The mental health landscape at McGill for the 2014-15 academic year has been a disappointing one. Though a working group was struck under the purview of Senate in October 2013, most of the recommendations issued by the group in June 2014 have yet to be implemented. Of the 36 initiatives on the roster, only two have been completed, the first being the development of a student services app, and the second publicly presented only as “further [development] of a robust early alert program.”
While both the administration and student government have been pursuing mental health services reform, they do not appear to be working closely. SSMU VP University Affairs Claire Stewart-Kanigan told The Daily in October, around the time the University announced its intention to create a ‘wellness portal,’ that the relationship between the two was “a consultative arrangement, not a partnership. Given that SSMU is named as a partner on the website, consultation is not enough.”
There have been no updates on the ‘wellness portal,’ projected to be launched in Winter 2015.
Most of the visible events that have taken place this year – in particular, the second annual Students In Mind conference on mental health in October and the Mental Health Awareness Week in November – were largely student-driven and student-led initiatives. Additionally, the most vocal advocates for mental health reform have been students.
In addition to managing the planning and execution of the Mental Health Awareness Week, Stewart-Kanigan oversaw the successful launch of SSMU’s new mental health department, which involved the hire of a coordinator and the development of a mental health listserv to promote peer and professional support services for students and forward student-led anti-stigma initiatives.
Tense debates at General Assemblies
After years of SSMU General Assemblies (GAs) that have failed to reach quorum or present particularly political motions, portions of this year’s GAs saw huge turnout – with over 700 students attending the Fall 2014 GA and over 500 students at the Winter 2015 GA – as well as plenty of controversy.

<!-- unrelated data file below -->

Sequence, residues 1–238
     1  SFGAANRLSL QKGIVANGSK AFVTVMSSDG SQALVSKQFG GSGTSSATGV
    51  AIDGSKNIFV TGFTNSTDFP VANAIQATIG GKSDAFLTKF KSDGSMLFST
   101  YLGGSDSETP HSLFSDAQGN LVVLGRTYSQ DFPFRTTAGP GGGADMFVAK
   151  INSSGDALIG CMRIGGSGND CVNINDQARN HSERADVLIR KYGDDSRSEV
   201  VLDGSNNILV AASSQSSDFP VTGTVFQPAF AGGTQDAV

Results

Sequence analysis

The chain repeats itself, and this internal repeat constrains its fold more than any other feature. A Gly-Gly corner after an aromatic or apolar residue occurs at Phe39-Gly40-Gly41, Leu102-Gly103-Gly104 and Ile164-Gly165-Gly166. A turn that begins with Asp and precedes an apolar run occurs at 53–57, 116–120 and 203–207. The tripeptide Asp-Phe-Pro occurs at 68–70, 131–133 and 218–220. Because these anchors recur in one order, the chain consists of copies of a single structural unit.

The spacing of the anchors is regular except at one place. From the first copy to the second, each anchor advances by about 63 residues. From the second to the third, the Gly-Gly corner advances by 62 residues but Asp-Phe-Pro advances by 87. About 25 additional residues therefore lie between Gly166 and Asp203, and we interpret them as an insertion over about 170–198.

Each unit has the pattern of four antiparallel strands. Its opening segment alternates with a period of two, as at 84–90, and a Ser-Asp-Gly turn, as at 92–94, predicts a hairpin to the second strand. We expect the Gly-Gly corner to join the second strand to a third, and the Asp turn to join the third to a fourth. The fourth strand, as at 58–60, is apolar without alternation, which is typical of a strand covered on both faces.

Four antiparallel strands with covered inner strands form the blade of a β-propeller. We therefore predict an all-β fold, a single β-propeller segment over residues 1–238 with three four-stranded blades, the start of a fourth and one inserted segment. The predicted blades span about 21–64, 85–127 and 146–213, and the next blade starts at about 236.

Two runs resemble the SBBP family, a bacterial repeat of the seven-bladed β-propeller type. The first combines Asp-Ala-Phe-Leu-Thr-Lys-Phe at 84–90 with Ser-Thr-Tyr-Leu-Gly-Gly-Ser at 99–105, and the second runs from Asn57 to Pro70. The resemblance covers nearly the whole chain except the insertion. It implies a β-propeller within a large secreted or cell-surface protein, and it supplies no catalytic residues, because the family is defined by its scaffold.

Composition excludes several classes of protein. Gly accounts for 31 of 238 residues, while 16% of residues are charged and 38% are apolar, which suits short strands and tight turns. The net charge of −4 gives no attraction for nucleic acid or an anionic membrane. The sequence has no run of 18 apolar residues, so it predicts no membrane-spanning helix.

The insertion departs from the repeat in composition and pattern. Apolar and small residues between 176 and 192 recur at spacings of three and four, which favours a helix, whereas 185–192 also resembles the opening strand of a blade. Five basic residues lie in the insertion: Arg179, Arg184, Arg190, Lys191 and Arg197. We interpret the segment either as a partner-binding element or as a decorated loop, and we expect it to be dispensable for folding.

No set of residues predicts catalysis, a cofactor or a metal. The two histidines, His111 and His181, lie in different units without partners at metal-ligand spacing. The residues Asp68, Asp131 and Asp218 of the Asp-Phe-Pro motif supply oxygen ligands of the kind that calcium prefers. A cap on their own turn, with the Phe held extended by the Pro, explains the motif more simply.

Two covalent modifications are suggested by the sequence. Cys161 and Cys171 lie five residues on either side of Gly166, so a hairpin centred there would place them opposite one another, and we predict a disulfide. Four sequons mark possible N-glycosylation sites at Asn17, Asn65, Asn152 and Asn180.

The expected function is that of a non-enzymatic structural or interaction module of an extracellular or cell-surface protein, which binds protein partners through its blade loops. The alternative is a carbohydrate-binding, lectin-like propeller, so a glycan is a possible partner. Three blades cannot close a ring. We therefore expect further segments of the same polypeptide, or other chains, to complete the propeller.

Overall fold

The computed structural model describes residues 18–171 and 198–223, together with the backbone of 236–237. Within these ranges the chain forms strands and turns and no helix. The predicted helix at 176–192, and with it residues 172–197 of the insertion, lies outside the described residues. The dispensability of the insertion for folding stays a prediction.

Most notably, both GAs saw motions that poked at the long-dormant Israel-Palestine divide on campus. At the Fall 2014 GA, a motion to stand in solidarity with the people of the occupied Palestinian territories and condemn Israel’s violence toward Palestine over the summer was postponed indefinitely, with 402 in favour and 337 against, after hours of debate. At the Winter 2015 GA, a motion to divest from companies profiting from the illegal occupation of the Palestinian territories garnered the endorsement of many campus groups (including The Daily), but failed by only 64 votes.
Despite the intense attention given to these two motions, a number of other political motions passed, mandating SSMU to take action on diverse issues such as unpaid internships, military research, climate change, and austerity. SSMU also saw a J-Board challenge after the contentious postponement of the Fall 2014 Palestine motion, where the judicial body ruled that simplified standing rules should be adopted and publicized at GAs to better facilitate debate.
More broadly, this year’s GAs have prompted a campus-wide (and still ongoing) dialogue on the political role of the student union – which most notably played itself out in the recent 2015-16 SSMU executive elections – with some students questioning whether SSMU should take stances on ‘divisive’ political issues.